Honoring the achievements of emeritus faculty Dr. Edward C. Monahan

Edward C. Monahan Symposium

Thursday, July 25th, 2019

Monahan Symposium
Colleagues, family, and friends celebrated Dr. Monahan.

In the old-world tradition of a Festschrift, i.e., a celebration and book honoring the life and achievements of outstanding academics, the Department of Marine Sciences celebrated Dr. Edward C. Monahan in a full day symposium. Colleagues from Ed’s many years at UConn and Connecticut Sea Grant recounted entertaining anecdotes and his many accolades. Outside of academia, friends shared stories about his intense love for rowing crew and his involvement in local politics. One of the shining moments of the day included a photo montage of Ed’s facial hair throughout the years. Two beautiful quilts, crafted by Ed’s wife Elizabeth, were displayed throughout the festivities. One quilt captured rolling waves, the pattern being different shapes for different words for white caps. The other quilt displayed every institutional emblem in chronological order at which Dr. Monahan worked.

Dr. Monahan studied at Cornell University as an undergraduate in Engineering Physics, and continued onto his Ph.D. in Oceanography at the Massachusetts Institute of Technology, where he focused on the correlation between sea spray, whitecap coverage, and wind speed. His career brought him across the world to Ireland, where he completed another Doctorate of Science at the National University of Ireland. For two decades, he led the Connecticut Sea Grant program at UConn as its Director and initiated international marine sciences exchanges. In his retirement, Ed has not slowed down his scholarly productivity. He continues to publish scientific journal articles, remains active in the department, and stays abreast of all things oceanography by attending weekly seminars and brown bag presentations.

Dr. Penny Vlahos, chair of the symposium organizing committee, commented, “Ed and I have collaborated since I started as junior faculty. I thought it was appropriate to honor him and recognize his achievements and contributions. His work is still being cited today, especially by climate scientists in IPCC [Intergovernmental Panel on Climate Change] reports.”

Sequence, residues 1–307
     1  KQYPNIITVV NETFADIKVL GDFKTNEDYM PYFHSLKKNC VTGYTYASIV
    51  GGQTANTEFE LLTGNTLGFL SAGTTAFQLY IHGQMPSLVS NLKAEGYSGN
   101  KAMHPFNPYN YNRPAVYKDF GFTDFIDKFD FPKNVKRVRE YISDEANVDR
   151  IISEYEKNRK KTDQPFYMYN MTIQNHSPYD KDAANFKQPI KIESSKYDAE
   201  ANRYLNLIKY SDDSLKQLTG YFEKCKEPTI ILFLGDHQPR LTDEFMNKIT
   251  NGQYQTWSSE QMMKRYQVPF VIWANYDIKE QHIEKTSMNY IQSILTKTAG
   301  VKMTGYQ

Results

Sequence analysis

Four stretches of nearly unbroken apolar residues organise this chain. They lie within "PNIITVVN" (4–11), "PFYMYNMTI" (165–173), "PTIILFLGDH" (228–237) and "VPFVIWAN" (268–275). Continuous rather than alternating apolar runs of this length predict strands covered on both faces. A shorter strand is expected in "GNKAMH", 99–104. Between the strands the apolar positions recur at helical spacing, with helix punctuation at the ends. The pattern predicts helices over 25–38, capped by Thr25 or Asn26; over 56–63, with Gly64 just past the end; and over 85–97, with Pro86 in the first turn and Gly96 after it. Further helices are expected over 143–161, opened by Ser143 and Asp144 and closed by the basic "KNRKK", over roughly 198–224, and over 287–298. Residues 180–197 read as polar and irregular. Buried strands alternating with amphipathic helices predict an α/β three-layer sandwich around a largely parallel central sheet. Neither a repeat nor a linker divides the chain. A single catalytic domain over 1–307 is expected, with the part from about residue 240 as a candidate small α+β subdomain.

Some wonderful words come from Peg Van Patten, retired communications director for Connecticut Sea Grant, “Ed Monahan was my supervisor as Director of Connecticut Sea Grant for two decades, but he was really more than that.  Ed became my mentor, and friend, and sometimes my co-author. I learned so much from his experience that I was delighted when Professor Vlahos asked me to help organize a symposium in his honor.  The day was a perfect tribute to Ed’s remarkable career and many accomplishments.”

Throughout the symposium, selected guests gave scientific talks on topics related to Ed’s research interests: sea spray, white caps, and air-sea interaction. Other speakers included grant recipients from Connecticut Sea Grant, collaborators, rowing partners, and students. In his retirement, Ed helped organize Coastsweek Regatta, a local rowing competition in Mystic, with 2019 marking the 28th consecutive year. At the closing of the day, attendees, family and friends enjoyed celebratory beverages and birthday cake appropriately decorated with a large wave. Allison Staniec, a current Ph.D. student who works directly with Ed, summarized the day quite well: “The Monahan Symposium (Twixt Wind and Waves) was an enjoyable celebration of Ed’s past and ongoing career with plenty of time for ground breaking science and entertaining anecdotes. And cake!”

The Festschrift book, “Recent Advances in the Study of Oceanic Whitecaps,” edited by P. Vlahos and E. C. Monahan (Honorary Editor) will be published by Springer Nature shortly.